govwithfumoweb.jpg

On Monday we saw Governor Rendell stand with leaders in the Salvation Army and Democratic Legislators. While I'm always excited to find myself on the same side as the Democratic Appropriations Chairman, Sen. Vince Fumo, the real news Monday was that doctors are coming out in numbers saying that they support the Prescription for Pennsylvania. The Orthopedic Society came out and said that they could support using some of the tobacco tax money used to offset their medical malpractice liabilities for covering the uninsured. The Pennsylvania Osteopathic Medical Association took the same stance.

Rx4PA: House Bill 2098 would do for Pennsylvania what Medicare has done for everyone

The Pennsylvania AFL-CIO is pressing legislators to pass HB 2098, a bill submitted on December 6th and sitting before the House Insurance Committee (authored by its chair, Rep. DeLuca). We were all a little disappointed earlier this year when the legislative process failed to make good on Governor Rendell's plan to allow our insurers to quit paying for infections and mistakes made by Hospitals. Then, the next thing we knew, Medicare (by far the biggest spender in Healthcare) came along and said it wasn't going to pay for those mistakes or infections starting late in 2008, anyway. Which could have nearly the same effect, so HB 2098 seeks to give our Pennsylvania insurers that same right: to refuse to pay bills for procedures correcting conditions that hospitals should have prevented.

"But wait! I thought we already solved this problem?" you ask. Sure you do. We did something about it, but we sure didn't solve it. In fact, in one very important way, we took a step backward. A big step. Click Read More to see what I mean!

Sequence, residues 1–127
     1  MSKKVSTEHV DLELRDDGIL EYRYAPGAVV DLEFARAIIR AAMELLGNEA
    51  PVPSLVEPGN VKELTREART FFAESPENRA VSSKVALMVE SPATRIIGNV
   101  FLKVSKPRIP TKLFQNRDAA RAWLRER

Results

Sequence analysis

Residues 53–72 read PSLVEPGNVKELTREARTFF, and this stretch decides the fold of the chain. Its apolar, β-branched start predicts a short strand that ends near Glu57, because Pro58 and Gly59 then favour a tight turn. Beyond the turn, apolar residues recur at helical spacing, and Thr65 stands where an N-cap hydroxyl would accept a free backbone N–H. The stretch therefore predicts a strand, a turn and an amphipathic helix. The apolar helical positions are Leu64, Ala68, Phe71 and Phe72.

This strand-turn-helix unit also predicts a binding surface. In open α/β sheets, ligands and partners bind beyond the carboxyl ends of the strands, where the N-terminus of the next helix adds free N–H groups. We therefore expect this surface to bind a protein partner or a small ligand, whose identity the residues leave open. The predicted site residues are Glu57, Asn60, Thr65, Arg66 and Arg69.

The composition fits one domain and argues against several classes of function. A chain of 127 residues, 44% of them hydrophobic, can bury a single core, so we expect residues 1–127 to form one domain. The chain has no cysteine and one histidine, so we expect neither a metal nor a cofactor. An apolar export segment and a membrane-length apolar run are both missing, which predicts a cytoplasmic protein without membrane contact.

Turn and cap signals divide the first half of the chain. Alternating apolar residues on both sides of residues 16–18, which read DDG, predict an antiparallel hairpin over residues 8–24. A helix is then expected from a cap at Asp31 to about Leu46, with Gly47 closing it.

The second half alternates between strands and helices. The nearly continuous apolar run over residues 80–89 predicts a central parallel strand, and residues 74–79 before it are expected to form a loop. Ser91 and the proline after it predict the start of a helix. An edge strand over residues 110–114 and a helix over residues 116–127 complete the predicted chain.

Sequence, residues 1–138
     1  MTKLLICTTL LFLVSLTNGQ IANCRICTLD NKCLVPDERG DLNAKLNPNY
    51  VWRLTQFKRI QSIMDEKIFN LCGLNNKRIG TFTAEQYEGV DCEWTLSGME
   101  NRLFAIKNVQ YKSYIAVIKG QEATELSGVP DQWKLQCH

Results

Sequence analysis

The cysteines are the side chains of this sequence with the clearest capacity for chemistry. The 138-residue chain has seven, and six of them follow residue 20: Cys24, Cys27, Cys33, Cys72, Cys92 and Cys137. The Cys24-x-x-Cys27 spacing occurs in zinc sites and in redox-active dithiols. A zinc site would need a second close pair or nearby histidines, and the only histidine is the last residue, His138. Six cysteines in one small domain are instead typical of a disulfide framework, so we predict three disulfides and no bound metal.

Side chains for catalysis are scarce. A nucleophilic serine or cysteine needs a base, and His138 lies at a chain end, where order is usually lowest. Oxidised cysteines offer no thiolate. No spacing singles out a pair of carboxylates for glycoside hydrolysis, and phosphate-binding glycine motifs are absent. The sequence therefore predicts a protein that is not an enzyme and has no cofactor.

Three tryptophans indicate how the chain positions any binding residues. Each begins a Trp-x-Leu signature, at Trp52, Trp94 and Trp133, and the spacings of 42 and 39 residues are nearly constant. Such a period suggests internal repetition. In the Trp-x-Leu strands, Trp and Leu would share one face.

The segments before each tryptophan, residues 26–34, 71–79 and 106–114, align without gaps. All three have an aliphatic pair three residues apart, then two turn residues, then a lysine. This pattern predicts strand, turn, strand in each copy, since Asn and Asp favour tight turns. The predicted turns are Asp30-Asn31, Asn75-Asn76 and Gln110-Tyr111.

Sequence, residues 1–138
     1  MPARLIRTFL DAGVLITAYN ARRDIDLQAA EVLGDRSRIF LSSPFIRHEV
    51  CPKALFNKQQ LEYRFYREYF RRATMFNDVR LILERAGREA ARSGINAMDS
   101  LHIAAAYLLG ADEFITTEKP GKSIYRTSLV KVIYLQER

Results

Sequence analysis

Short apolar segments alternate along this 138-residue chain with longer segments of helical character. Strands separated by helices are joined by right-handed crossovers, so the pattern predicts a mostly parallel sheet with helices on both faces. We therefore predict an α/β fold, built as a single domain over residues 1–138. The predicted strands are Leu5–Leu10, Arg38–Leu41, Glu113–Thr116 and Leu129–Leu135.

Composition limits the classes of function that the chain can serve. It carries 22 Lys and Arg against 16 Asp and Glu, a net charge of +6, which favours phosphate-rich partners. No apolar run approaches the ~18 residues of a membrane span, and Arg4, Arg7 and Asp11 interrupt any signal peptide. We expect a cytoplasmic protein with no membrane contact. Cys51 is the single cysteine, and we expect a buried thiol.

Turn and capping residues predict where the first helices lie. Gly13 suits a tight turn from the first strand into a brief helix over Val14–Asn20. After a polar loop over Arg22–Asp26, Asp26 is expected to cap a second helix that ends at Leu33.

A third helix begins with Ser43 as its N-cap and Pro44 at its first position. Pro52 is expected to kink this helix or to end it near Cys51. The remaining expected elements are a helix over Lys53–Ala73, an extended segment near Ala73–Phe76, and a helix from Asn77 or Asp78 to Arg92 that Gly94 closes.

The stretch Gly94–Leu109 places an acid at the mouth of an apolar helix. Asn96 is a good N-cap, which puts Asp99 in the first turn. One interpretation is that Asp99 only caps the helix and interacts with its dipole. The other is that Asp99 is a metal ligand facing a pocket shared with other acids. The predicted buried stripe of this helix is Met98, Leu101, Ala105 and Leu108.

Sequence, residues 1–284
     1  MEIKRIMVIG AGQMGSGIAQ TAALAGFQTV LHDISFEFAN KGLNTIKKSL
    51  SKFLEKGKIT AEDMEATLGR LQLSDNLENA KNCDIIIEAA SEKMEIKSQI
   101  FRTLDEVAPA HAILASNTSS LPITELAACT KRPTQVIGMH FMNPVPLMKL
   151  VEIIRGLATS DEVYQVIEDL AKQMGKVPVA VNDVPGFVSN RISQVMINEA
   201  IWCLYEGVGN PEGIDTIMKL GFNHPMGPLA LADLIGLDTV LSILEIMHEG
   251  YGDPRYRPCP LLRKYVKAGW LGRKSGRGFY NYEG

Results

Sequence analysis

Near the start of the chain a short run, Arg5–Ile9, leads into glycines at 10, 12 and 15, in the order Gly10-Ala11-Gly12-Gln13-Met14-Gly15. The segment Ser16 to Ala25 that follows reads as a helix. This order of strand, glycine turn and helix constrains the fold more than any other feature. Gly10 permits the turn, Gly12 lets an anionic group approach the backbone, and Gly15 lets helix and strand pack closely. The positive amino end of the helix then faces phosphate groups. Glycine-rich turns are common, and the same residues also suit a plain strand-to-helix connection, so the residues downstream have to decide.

Rx4PA: HB 2005 clears its first committee hurdle

HB 2005 came out of the House Insurance Committee this week. It's a bill that Rep. Deluca (D-Pittsburgh) wrote that finally gives us some control of the health insurance industry. Imagine: up to this point, car insurance was better regulated than health insurance. That's like telling a kid not to run with scissors but letting him play with your guns. That could end. Word on the street is that they'll get HB2005 to the floor by the end of the year. That would be good.

Of course, lobbying and politics made it all more complicated than the had been initially planned. I'm not going to put the text of the bill in here, but here's the deal: small employers get nailed on their premiums all the time. Let's say we've got a plumbing company, right? We'll call it Dan & Ray's Plumbing. You've got this great plumber named Jen, and Jen's been working with you for years. Great gal. Works hard. She's in her late 40's. The doctor tells her that she needs a double-bypass. Big bill to your insurance carrier. Suddenly, we're paying a lot more money for all our plumbers, all our shop assistants and all our administrative staff. Premiums can spike like crazy because one of your crew had the audacity to get sick. The nerve.

Sickness is no good for insurance company profits.

Healthcare: if you're waiting for a market solution, the market has already made it's opinion pretty clear.

“Despite an upturn in the overall economy, the loss of health insurance coverage through employers has continued,” said Sharon Ward, Director of the Pennsylvania Budget and Policy Center (PBPC), a non-partisan policy research project that analyzes state tax and budget matters. “Health insurance, which for a long time came as a basic benefit to a decent, middle-class job, is quickly disappearing for many Pennsylvanians.” From a press release found here.

Ward bases her comments on a new study on employer based health coverage that's out from the Economic Policy Institute.

Republicans like to paint themselves as pro-business and pro-market, but if you look at a lot of the policies some of them espouse around healthcare, it's really just pro-certain-really-rich-people. This is an important difference. Why? Click "Read More" to find out.

Syndicate content